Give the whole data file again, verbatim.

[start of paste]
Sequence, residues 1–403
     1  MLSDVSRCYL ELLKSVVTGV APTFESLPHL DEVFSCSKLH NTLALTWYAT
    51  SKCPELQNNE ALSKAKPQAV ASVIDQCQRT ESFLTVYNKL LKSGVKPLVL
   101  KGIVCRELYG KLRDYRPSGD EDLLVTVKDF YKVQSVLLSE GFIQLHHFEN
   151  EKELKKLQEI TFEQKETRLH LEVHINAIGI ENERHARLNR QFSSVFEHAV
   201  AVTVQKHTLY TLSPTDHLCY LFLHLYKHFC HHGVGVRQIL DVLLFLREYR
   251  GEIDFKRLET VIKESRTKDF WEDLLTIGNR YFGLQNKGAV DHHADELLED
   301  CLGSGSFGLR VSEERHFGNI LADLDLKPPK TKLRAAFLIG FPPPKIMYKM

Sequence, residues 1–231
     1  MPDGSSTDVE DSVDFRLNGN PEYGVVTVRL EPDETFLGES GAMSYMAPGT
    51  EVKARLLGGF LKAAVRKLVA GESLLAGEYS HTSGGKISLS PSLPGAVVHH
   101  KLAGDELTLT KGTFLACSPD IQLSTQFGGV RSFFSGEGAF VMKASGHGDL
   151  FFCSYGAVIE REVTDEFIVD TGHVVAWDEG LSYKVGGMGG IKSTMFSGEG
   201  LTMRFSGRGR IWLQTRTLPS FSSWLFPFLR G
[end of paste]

Sequence, residues 1–403
     1  MLSDVSRCYL ELLKSVVTGV APTFESLPHL DEVFSCSKLH NTLALTWYAT
    51  SKCPELQNNE ALSKAKPQAV ASVIDQCQRT ESFLTVYNKL LKSGVKPLVL
   101  KGIVCRELYG KLRDYRPSGD EDLLVTVKDF YKVQSVLLSE GFIQLHHFEN
   151  EKELKKLQEI TFEQKETRLH LEVHINAIGI ENERHARLNR QFSSVFEHAV
   201  AVTVQKHTLY TLSPTDHLCY LFLHLYKHFC HHGVGVRQIL DVLLFLREYR
   251  GEIDFKRLET VIKESRTKDF WEDLLTIGNR YFGLQNKGAV DHHADELLED
   301  CLGSGSFGLR VSEERHFGNI LADLDLKPPK TKLRAAFLIG FPPPKIMYKM

Sequence, residues 1–231
     1  MPDGSSTDVE DSVDFRLNGN PEYGVVTVRL EPDETFLGES GAMSYMAPGT
    51  EVKARLLGGF LKAAVRKLVA GESLLAGEYS HTSGGKISLS PSLPGAVVHH
   101  KLAGDELTLT KGTFLACSPD IQLSTQFGGV RSFFSGEGAF VMKASGHGDL
   151  FFCSYGAVIE REVTDEFIVD TGHVVAWDEG LSYKVGGMGG IKSTMFSGEG
   201  LTMRFSGRGR IWLQTRTLPS FSSWLFPFLR G